I think more than anything else that’s what explains why the political class has been so slow to recognize and address such an obvious problem: namely, that we have way too many people locked up in the United States.
In political terms, having the US Attorney General acknowledge the obvious is real progress. And to those of us who have been harping on the same thing for years before the DoJ ever finally admitted how wrong it has been, the fact that there is such a seemingly instant consensus is at once satisfying and disconcerting: there’s vindication, of course; but it’s also true that an easy consensus is a symptom of the same inertia that caused the problem to begin with.
The focus on imprisoned non-violent drug offenders is off. That’s a problem, but it’s not anywhere close to the real problem. The Central Park Jogger case is a lot closer. Almost a quarter century later no one in a position to do so has done anything to make those men whole; even after every sane or rational person has had to acknowledge the wrong that was done, some in a position of authority still hide behind a risible fiction that somehow those kids were “guilty” of something or other anyway. The principal players, most of whom are still around plying their trade, even in the face of a damning documentary aired on PBS, have not only been entirely let off the hook, but can “no comment” the whole thing and pay no price for that. The New York Times agrees because, you know, careers.
There is no sense of shame and disgust, and there should be. And when I say a “sense” of it, I mean something beyond writing an editorial in the New York Times hedging the whole way through. I can keep writing about the case but let’s face it, no one important is going to do anything based on what I write here.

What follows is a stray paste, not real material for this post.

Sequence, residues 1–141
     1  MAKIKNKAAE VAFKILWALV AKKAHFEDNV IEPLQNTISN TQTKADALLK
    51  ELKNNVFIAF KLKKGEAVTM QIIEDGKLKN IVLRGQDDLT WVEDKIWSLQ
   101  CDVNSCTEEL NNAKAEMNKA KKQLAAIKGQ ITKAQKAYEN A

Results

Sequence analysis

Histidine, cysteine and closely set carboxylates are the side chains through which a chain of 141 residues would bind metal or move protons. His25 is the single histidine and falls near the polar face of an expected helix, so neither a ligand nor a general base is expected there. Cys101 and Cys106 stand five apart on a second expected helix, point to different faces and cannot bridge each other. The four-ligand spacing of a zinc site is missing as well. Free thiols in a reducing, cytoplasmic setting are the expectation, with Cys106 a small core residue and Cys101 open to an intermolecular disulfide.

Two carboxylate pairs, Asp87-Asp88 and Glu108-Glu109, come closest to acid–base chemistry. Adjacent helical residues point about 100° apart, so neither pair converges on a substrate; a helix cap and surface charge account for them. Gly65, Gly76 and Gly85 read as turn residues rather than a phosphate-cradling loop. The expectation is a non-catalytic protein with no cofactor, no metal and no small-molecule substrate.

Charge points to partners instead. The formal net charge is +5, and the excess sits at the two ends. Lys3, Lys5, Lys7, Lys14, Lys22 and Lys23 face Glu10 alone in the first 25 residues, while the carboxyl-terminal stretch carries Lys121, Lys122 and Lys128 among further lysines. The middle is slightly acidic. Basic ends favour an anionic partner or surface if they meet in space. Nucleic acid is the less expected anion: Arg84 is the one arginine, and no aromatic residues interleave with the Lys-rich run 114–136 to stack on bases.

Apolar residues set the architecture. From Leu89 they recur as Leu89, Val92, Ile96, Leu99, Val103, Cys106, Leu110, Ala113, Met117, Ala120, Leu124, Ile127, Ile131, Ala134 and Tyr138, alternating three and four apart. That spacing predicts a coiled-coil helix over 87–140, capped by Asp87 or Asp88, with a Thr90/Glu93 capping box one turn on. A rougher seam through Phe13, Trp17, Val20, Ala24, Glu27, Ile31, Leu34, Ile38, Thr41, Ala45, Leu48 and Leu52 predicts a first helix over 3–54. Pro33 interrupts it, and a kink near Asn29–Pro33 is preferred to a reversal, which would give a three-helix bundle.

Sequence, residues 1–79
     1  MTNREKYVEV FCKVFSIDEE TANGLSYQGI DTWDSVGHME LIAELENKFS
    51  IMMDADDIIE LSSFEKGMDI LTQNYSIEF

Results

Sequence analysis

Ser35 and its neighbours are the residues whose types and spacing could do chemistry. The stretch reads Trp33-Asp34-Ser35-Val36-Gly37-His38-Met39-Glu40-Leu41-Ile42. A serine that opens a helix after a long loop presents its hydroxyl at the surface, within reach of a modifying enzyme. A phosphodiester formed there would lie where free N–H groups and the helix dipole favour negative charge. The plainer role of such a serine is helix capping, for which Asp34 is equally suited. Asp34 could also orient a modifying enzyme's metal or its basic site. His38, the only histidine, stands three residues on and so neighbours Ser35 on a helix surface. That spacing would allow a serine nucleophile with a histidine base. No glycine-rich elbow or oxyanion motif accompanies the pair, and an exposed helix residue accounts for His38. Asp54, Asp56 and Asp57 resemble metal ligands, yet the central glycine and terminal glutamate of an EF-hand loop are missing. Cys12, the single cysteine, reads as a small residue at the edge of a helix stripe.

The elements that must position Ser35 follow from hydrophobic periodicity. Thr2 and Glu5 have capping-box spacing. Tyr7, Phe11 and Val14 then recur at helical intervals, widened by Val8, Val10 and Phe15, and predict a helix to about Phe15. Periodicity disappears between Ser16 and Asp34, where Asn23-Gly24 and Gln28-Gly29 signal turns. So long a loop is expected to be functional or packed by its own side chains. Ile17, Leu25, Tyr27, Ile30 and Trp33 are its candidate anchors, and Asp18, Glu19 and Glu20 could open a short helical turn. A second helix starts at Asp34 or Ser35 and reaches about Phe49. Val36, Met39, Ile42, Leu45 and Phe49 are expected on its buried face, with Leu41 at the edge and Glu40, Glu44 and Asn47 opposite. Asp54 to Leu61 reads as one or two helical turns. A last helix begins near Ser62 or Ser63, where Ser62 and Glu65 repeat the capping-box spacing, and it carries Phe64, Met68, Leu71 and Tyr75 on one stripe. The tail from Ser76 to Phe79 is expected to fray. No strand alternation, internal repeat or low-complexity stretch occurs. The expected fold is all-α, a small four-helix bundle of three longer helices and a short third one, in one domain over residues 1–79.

A price has to be paid. Talk about cheap grace. The legal profession seems to be the aficionado of it.
The criminal justice system, and that means the lawyers and judges who run it – is such a failure. I often say that the police are right about 75-80% of the time. It’s the responsibility of the criminal justice system to catch the other 20-25%. How much do we actually catch? About 5% of that. Is there any other institution that can continue with a 5% success rate? Wouldn’t we just shut such a miserable failure of an institution down?
This is the real problem, and the danger now is that we’re just going to accept the “solution” that’s the easiest to accept, that this is all about legislative over-criminalization and not a deeper problem with the legal profession and the judiciary. In most other areas of endeavor the laws of nature themselves quickly assert themselves and overcome the tendency to inertia. But cause and effect in a justice system – especially the criminal justice system – is far less obvious. Doctors bury their mistakes; we lock away ours and brand them for life so that they don’t matter. Or, we think they don’t.
Of course that’s not true. They do matter, and the terrible cost of our mistakes are always being paid. Just not by the right people.